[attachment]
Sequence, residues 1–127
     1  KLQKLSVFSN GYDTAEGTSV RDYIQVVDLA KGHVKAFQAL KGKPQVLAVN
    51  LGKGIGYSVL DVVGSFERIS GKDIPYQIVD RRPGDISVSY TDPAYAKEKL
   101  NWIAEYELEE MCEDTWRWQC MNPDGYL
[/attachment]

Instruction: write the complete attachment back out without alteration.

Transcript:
Sequence, residues 1–127
     1  KLQKLSVFSN GYDTAEGTSV RDYIQVVDLA KGHVKAFQAL KGKPQVLAVN
    51  LGKGIGYSVL DVVGSFERIS GKDIPYQIVD RRPGDISVSY TDPAYAKEKL
   101  NWIAEYELEE MCEDTWRWQC MNPDGYL